Sundance 2014 Review: Calvary

Calvary Brendan Gleeson

It’s awfully nice to see a movie where the hero has to solve his own murder and isn’t a pottery-making ghost. That’s the starting point for Calvary, an impressive but somewhat dour ensemble mystery starring Brendan Gleeson as a Catholic priest who learns in the confessional that he will be murdered in one week’s time, as penance for the church’s sins against the children abused by the clergy.

Writer/director John Michael McDonagh flips the murder mystery genre on its head a bit and spins it round, as usual using the crime as an excuse to uncover uncomfortable truths about the cast of characters, but this time through a protagonist who knows the killer’s motivations and identity ahead of time. He never voices his suspicions aloud, bound by his clerical oath, and so the audience is left to analyze every little conversation with the people of Gleeson’s parish, every one of whom has moved away from their faith in one form or another, and who might conceivably be willing to commit murder for their evolving principles or simply to exact revenge for a childhood malformed by an institution seemingly more interested in protecting its moral authority than seeking justice for its victims.

But Father James, played by Gleeson, is innocent. That’s the whole point, really: to hold not just the criminals responsible but also everyone else associated the Catholic Church. The film’s title, Calvary, refers to the area surrounding the site of Jesus Christ’s crucifixion, and it’s a pretty on-the-nose metaphor for McDonagh’s story, about a soon-to-be martyred man and the community he’s trying to save, but who are so wrapped up in their own lives and problems that they’re apathetic to their potential savior’s  plight.

Calvary Brendan Gleeson Kelly Reilly

Dour? Yes, well, somewhat. John Michael McDonagh doesn’t seem to know how to make a movie without injecting some honest humor, and Brendan Gleeson plays a character too principled and compassionate to let his looming fate get him down entirely. He’s still available to care for his troubled daughter (Kelly Reilly), snark at his annoying fellow priest (David Wilmot), offer uphill counsel to an unapologetic white-collar criminal (Dylan Moran), try to seal the rift between a cuckold and his philandering wife (Chris O’Dowd and Orla O’Rourke), acquire a handgun for a reclusive American author (M. Emmet Walsh) and trade pointed barbs with an atheistic doctor (Aiden Gillen). Even though one of those people is probably planning to kill him, Father James has a job to do, and only so much time left to do it.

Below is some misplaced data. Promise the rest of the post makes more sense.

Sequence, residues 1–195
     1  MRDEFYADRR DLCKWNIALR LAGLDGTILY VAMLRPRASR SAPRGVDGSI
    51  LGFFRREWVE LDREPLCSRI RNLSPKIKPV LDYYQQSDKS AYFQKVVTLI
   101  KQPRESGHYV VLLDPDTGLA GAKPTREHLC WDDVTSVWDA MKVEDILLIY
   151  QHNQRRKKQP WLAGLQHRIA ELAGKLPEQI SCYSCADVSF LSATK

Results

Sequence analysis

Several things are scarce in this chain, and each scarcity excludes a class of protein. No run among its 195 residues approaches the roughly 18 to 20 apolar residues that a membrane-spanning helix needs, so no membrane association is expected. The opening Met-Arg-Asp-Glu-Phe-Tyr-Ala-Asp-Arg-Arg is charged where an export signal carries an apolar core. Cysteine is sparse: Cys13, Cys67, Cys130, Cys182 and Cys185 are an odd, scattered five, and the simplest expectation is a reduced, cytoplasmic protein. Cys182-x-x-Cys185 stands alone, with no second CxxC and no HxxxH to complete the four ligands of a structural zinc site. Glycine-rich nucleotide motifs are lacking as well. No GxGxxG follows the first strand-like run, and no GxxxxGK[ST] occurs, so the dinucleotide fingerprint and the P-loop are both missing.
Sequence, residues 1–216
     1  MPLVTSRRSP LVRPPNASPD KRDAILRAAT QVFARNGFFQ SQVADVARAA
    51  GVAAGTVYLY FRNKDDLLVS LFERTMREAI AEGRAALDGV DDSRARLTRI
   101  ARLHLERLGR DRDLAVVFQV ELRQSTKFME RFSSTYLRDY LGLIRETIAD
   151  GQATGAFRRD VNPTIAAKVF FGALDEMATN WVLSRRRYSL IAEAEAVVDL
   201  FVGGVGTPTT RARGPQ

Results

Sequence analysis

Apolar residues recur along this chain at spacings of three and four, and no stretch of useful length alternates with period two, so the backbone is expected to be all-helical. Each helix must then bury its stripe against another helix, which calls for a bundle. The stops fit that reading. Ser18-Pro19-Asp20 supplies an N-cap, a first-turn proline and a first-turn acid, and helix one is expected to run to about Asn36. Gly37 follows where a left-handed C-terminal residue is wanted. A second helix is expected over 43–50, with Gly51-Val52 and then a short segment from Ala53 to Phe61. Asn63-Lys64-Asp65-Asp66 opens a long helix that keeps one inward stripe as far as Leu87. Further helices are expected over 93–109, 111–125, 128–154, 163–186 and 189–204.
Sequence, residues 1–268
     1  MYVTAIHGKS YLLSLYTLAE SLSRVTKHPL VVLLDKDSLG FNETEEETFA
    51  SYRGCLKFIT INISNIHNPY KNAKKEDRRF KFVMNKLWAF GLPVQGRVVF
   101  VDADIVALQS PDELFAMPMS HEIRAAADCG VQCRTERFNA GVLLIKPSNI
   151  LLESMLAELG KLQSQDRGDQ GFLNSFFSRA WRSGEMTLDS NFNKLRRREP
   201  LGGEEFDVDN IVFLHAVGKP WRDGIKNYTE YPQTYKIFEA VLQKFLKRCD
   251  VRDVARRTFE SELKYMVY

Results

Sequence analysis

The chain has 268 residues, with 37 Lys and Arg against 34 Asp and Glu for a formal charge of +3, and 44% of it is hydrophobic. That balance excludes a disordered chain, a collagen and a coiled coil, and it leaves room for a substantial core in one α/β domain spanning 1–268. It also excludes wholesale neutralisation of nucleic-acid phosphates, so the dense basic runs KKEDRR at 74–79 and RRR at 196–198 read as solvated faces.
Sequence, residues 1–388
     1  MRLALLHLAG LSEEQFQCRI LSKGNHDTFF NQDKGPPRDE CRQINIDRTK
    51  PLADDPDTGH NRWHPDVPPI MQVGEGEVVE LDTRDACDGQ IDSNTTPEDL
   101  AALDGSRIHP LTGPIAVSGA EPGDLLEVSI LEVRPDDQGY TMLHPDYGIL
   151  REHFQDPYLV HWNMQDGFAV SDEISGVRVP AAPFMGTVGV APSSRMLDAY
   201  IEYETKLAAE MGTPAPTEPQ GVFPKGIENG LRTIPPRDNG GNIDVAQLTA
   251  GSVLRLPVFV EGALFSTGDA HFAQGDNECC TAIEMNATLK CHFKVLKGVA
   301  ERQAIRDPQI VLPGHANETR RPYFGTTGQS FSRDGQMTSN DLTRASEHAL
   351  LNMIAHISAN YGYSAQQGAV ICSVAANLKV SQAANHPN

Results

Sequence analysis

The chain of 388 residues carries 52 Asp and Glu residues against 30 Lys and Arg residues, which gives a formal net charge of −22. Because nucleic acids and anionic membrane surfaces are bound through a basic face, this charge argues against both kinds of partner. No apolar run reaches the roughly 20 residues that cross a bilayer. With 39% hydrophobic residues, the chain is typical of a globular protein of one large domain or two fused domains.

McDonagh’s sprawling cast makes the most of their tapestried vignettes, each one an actor’s showcase and a pointed metaphor for the plight of the church, the clergy, the straying flock and a modern world that may have outgrown antiquated notions of morality and Catholic dogma. Although his message sometimes comes across as heavy-handed (again, just look at the title), Calvary never gets so deep into its messaging that the formal story and its central, disturbing mystery get lost for very long. The walls are closing around Father James, and whether he pushes back or in the end lets himself be crushed, he’s still a bastion of goodness for a modern era: understanding of contemporary complications but somehow able to offer a strong moral foundation for a community that may not deserve one.

Still, intriguing or not, that plot would simply be too forceful and metaphoric were it not for Gleeson’s performance, which strikes just the right balance between amused detachment and genuine sympathy, and selflessness without sacrificing his sense of self. As with John Michael McDonagh’s previous film, The Guard, the filmmaker’s latest is a character piece with genre trappings, anchored by a leading man with more to play with than the typical mystery protagonist. Brendan Gleeson turns in a characteristically exceptional, layered performance with as much moral significance as distinct individual detail, because Father James  isn’t just a figurehead for a storyteller's greater message: he’s a complex, likable man thrust into a position where he’s going to stand in for the Catholic Church whether he likes it or not. That he may actually be up to the challenge makes him all the more inspirational.

7-5


William Bibbiani is the editor of CraveOnline's Film Channel and co-host of The B-Movies Podcast. Follow him on Twitter at @WilliamBibbiani.